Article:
When I last left off, I had a pile of parts that contained the makings of two wheels for the Trek. Not one to miss an opportunity to over-analyze things, I took a good hard look at the hubs. The Shimano Acera rear hub had proven to be a sturdy workhorse and promised more years of the same, but the Joytech 95D up front was looking more and more outclassed. The spoke holes were kind of huge and made for a sloppy fit for my new spokes, which is a bad thing. Everything I read about wheelbuilding was stressing using top-quality components. The Joytech had never let me down, but it was definitely the weakest link in this pending wheelset. In the end, sturdiness trumped sentimentality.
Since I already had the spokes and nipples ready, I searched for a hub with the same dimensions as the original. I found a new discontinued 36 hole Shimano Ultegra hub on ebay that fit the bill nicely. A lower than "Buy it now" price offer was accepted, and it was at my door within a few days. Holding the replacement piece in my hands made me very happy about my decision to upgrade. Nice hub!
I did my homework, re-reading Sheldon Brown's article and Peter White's wonderful and knowledgeable rants on the subject many times over. I had sought a copy of the well-regarded book, "The Bicycle Wheel" by Jobst Brandt while visiting Harris Cyclery a while back but they were out of stock, so I picked up Gerd Schraner's "The Art of Wheelbuilding" instead. I was initially sort of disappointed by this pricey, somewhat thin booklet, but warmed up to it when I got to the easy-to-follow spoking diagram. All the other diagrams I had seen in the past were a side view with color-coding for each series of spokes. Schraner's 3/4 view diagrams were much more intuitive for me and a cinch to work with.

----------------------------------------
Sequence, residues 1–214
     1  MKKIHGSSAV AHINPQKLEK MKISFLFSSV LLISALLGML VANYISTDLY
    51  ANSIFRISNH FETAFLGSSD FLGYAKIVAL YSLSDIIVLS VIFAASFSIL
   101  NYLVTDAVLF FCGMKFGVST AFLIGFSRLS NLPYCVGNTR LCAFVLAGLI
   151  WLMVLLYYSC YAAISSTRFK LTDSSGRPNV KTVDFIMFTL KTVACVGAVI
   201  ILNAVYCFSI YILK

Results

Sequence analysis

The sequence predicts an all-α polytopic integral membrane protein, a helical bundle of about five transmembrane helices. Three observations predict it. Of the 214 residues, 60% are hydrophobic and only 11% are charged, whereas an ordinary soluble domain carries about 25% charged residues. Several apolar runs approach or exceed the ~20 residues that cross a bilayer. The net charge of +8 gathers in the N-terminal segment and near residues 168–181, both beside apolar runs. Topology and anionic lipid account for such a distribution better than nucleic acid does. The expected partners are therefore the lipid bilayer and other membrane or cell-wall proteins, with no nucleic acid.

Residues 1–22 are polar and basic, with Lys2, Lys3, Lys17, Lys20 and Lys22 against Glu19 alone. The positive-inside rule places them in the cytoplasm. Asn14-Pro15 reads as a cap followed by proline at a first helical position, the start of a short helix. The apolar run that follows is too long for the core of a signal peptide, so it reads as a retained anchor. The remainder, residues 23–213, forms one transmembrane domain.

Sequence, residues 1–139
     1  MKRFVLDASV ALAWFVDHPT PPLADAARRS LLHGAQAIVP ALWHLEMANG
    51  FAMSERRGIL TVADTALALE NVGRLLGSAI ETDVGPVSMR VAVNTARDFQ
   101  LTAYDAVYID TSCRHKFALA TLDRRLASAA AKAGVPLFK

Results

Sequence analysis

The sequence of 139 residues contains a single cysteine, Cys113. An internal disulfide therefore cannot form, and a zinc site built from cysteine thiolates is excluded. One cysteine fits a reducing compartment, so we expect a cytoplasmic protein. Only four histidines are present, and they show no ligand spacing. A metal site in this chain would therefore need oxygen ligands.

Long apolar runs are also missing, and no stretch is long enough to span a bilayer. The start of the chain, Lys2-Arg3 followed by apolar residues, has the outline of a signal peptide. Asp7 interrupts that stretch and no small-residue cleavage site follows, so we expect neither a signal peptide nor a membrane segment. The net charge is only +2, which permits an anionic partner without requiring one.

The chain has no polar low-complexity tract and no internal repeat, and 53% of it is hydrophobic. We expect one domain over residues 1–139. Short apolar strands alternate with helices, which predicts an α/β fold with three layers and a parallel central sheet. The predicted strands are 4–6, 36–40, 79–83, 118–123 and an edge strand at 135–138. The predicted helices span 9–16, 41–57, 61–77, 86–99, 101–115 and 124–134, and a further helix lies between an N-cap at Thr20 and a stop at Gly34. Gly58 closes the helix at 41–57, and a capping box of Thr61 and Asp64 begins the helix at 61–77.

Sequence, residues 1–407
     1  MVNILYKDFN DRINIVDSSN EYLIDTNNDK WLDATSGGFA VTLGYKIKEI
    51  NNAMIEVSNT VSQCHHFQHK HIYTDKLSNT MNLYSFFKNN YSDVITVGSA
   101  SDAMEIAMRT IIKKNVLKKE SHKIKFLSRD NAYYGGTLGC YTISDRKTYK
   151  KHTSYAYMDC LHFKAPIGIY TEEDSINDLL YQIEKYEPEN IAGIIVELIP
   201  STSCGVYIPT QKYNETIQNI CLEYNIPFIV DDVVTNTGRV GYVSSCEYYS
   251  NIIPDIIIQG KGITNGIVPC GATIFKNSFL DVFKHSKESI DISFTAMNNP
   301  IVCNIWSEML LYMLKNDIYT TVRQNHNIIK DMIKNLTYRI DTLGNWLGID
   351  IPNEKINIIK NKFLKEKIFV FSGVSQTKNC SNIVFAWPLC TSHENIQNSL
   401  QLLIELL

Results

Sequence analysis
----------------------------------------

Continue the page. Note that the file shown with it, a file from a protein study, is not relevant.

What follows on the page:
I started with the front wheel. This would be the easier of the wheels to build, featuring all-new parts and symmetrical dishing. My readings have suggested that building a wheel should take about an hour or less from start to finish. It easily took two or more, but I'm really happy with the outcome. I oiled the spoke threads to ease tighteneing the nipples up to the proper tension. I used my new tensiometer a lot. It was fun and addictive. The wheel came out nicely.
I really like wheelbuilding. It's like a happy little safe house for all of my O.C.D. tendencies. I actually finished the pictured wheel shortly before I left for Oregon several weeks ago. I had a lot of opportunities to practice wheelbuilding and ply more experienced wheel geeks for tips while I was out there. Next up will be the rear wheel. I am going to reuse that hub for sure, but it needs some attention first. Coming soon: hub overhaul and freehub replacement, or how to make one solid hub from three somewhat tired ones.